architects

Citizen Architect #ArchiTalks

If you are wondering what "citizen architect" means, and I had to look it up too, below is how the AIA (American Institute of Architects) describes it.  Sounds like a soapbox kind of topic, doesn't it.

The Citizen Architect uses his/her insights, talents, training, and experience to contribute meaningfully, beyond self, to the improvement of the community and human condition. The Citizen Architect stays informed on local, state, and federal issues, and makes time for service to the community. The Citizen Architect advocates for higher living standards, the creation of a sustainable environment, quality of life, and the greater good. The Citizen Architect seeks to advocate for the broader purposes of architecture through civic activism, writing and publishing, by gaining appointment to boards and commissions, and through elective office at all levels of government.

American Institute of Architects

Well, I just recently became a US citizen.  It seems only appropriate that I contribute to the #ArchiTalks post from that perspective.  Four seemingly unrelated topics on my mind are:

  1. Gratitude
  2. Context
  3. Diversity
  4. Opportunities

Firstly, Thank you I am extremely grateful to all the people who have welcomed me, included me, made me feel integrated and part of the american society.  Starting with my husband and his family, my professors and classmates, my employers and colleagues, and last but not least, all the clients I have worked with - a big thank you for opening up your lives and your homes.

In doing so, you have helped me understand the american psyche - your desires, motivations, aspirations, concerns, needs, lifestyle, etc, which enables me to be a better architect.

Context  Architectural design is highly contextual.  It is intimately tied to a place and people; culture, history, climate, economy, and technological capabilities, dictate the design, not to mention construction methodologies.  But sometimes, one is blinded by familiarities.

If I had a dollar for every time I have heard "we've always done it this way", or "we've done it that way for 30 years", or "we've never done that before", I'd have a paid vacation.  You're probably thinking those words were spoken by contractors, and you'd be right.  But I'm here to say, I've heard architects utter those dreaded words.  And to me, that's like dragging your nails across a chalk board.  It's bad enough coming from contractors, it's sacrilege when an architect says it.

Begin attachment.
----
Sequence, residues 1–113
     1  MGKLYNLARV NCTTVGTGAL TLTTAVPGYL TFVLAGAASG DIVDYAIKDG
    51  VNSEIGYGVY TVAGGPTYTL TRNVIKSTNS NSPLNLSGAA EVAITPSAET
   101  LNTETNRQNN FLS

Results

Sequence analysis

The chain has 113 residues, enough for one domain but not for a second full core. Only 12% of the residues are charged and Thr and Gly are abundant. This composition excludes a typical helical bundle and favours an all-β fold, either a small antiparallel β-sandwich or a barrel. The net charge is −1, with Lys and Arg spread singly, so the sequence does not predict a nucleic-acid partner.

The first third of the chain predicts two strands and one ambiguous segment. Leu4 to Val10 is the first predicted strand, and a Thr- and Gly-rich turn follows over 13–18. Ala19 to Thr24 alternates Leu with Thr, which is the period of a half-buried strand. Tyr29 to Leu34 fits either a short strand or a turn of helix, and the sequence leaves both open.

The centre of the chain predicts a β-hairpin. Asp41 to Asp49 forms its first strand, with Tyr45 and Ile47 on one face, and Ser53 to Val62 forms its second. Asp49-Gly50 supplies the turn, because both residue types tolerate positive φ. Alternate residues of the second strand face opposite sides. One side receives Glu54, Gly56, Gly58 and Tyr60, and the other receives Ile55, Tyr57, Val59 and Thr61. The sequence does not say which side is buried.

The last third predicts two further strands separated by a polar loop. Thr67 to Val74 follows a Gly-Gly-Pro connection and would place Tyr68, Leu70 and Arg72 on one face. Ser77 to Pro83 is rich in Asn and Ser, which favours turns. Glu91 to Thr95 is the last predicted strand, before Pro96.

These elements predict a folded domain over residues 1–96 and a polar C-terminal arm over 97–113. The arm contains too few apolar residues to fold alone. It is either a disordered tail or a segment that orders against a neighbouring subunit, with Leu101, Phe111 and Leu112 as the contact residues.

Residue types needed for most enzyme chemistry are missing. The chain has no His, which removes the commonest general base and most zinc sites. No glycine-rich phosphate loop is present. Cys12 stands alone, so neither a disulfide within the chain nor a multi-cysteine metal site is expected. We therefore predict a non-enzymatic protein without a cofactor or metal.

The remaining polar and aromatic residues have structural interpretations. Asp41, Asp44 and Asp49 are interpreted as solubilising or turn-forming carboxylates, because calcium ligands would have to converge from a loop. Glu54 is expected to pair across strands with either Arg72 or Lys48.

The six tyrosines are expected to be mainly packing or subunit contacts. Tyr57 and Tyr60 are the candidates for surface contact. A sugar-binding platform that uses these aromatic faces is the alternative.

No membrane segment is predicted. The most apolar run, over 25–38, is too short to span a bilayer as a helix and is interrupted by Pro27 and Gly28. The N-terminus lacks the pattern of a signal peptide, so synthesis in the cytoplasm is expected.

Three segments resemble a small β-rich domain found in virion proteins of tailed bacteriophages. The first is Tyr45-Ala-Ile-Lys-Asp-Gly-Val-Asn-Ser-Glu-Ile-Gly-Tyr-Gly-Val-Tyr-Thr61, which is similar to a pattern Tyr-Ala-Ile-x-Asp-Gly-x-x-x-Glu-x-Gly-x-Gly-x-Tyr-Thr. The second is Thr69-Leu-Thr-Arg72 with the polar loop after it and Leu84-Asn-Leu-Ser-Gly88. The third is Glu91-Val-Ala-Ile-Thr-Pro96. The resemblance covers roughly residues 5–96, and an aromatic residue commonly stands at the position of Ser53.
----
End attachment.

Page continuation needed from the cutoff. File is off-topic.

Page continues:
On the contrary, if you were given a design project in an unfamiliar context, what is the first thing you do?  You start by asking questions, right.  The more unfamiliar the context, the more questions you have.  The outsider's perspective puts a new spin on thinking outside the box.

I happily tread that tight rope between the familiar and the strange.

The D word: Diversity I was struck by the diversity at my naturalization ceremony.  There were 950 people from 99 different countries who took the oath of allegiance with me that day.  The MC started out by saying "What does an American look like? Look around you."

I could not find the speech Kirk Watson gave that day, but this one he gave back in 2013 is pretty close.

Every one of you has experienced things I haven’t experienced. You’re familiar with issues and challenges that I might not even know about–would have difficulty comprehending–and you have ideas about how to solve problems and capitalize on opportunities that haven’t ever occurred to me.

Those things, those experiences, those ideas that make us different are the very things that make this country strong.

Texas Senator Kirk Watson

There is much conversation these days about the need for diversity in architecture.  If you are wondering what the fuss is all about, I think the above words might clue you in.  If architecture is about ideas and problem solving, we need diversity.  If we don't want buildings to all look alike; if we want to address issues that we are not even aware of; if we want to break out of the mold, then we need diversity.  We need architects from different cultural and economic backgrounds; we need architects with diverse experiences; we need architects who can transport solutions from across the globe.